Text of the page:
Another woman, the subject of “Sadie  New Season  Rockport,” and a former art student of White’s in the Belfast school system, put the artist in touch with Genevieve McDonald, who created a Facebook page to help coordinate the growing pool of painting subjects. McDonald, captain of her fishing vessel, recently collaborated with Grundens on a line of oilskins appropriate for fishing women.

“I learned that these women know each other online, but they haven't actually connected a lot face-to-face, except maybe at the Fishermen's Forum,” White said. “So there is going to be a reception at the museum, which is wonderful, because it's centrally located.”

As White began to produce paintings last year, she asked friends, including Kevin Johnson, photo archivist at PMM, to advise her as to what to do with them. After all, there were a lot of them — and they are big.

“I was just wanting these to have a lot of impact — I wanted a real ‘pow!’ factor,” she said. “And I felt a real responsibility to the women.”

Johnson brought over PMM colleagues, including Curator and Collections Manager Cipperly Good. Good spotted a painting from a different series, one that contrasts party dresses as worn in the past and present, on the studio wall. “Jolene” pictures a little girl, wearing a tutu, peering intently over the edge of a dock with a dip net.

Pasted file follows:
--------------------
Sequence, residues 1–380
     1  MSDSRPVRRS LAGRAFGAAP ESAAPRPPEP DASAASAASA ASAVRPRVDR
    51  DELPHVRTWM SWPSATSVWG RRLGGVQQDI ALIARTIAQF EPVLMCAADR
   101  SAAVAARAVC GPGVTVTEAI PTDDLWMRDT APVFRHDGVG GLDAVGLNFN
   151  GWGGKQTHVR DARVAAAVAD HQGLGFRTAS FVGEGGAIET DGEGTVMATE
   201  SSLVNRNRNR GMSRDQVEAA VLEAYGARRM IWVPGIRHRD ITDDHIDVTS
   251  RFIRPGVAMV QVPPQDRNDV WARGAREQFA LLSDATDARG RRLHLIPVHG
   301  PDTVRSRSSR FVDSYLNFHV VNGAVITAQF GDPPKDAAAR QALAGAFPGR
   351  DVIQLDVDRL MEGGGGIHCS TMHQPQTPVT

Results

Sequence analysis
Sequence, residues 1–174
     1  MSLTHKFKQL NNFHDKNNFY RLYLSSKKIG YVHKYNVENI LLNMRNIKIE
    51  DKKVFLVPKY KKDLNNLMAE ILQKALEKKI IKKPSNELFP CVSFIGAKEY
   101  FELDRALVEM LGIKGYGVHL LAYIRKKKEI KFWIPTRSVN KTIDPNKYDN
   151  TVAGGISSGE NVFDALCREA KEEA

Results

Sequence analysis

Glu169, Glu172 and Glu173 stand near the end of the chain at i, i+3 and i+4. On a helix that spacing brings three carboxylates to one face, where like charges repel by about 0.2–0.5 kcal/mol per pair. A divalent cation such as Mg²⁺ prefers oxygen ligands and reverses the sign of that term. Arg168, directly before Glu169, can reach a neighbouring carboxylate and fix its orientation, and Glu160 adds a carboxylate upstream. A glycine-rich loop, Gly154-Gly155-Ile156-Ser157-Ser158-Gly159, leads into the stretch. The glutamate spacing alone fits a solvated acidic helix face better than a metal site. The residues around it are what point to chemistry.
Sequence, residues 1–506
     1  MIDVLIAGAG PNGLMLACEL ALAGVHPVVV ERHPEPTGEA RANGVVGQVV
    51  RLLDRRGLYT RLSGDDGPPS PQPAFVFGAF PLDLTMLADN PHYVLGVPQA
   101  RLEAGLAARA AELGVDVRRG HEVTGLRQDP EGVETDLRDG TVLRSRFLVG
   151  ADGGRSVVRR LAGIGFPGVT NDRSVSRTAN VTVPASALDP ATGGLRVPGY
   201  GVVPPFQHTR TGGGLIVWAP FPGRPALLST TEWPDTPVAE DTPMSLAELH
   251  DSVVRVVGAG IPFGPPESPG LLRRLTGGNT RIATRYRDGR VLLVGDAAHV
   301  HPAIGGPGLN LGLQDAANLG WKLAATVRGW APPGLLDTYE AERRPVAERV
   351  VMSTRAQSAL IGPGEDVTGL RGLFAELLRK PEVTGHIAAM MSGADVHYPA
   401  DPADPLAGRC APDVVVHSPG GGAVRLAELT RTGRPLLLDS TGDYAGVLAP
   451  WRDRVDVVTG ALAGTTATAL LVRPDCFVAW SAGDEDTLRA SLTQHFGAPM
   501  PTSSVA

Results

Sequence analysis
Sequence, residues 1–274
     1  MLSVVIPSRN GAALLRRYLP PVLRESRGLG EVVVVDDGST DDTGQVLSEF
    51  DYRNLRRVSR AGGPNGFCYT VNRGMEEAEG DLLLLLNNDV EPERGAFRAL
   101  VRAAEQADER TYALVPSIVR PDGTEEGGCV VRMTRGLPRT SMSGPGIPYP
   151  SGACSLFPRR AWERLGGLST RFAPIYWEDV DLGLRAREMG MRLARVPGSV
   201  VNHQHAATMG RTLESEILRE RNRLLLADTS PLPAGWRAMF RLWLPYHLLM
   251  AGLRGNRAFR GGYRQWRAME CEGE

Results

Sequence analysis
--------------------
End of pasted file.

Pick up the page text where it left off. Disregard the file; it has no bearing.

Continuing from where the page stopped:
“Cipperly saw that and said, we've got to have that — it's the future,” White said.

White’s Lobstering Women of Maine series is ongoing (those who want to suggest a subject are encouraged to contact her via susan@susantobeywhite.com). Perhaps, like her Dance series, she will explore the theme for years. But her approach to those paintings is very different from her current self-identified obsession.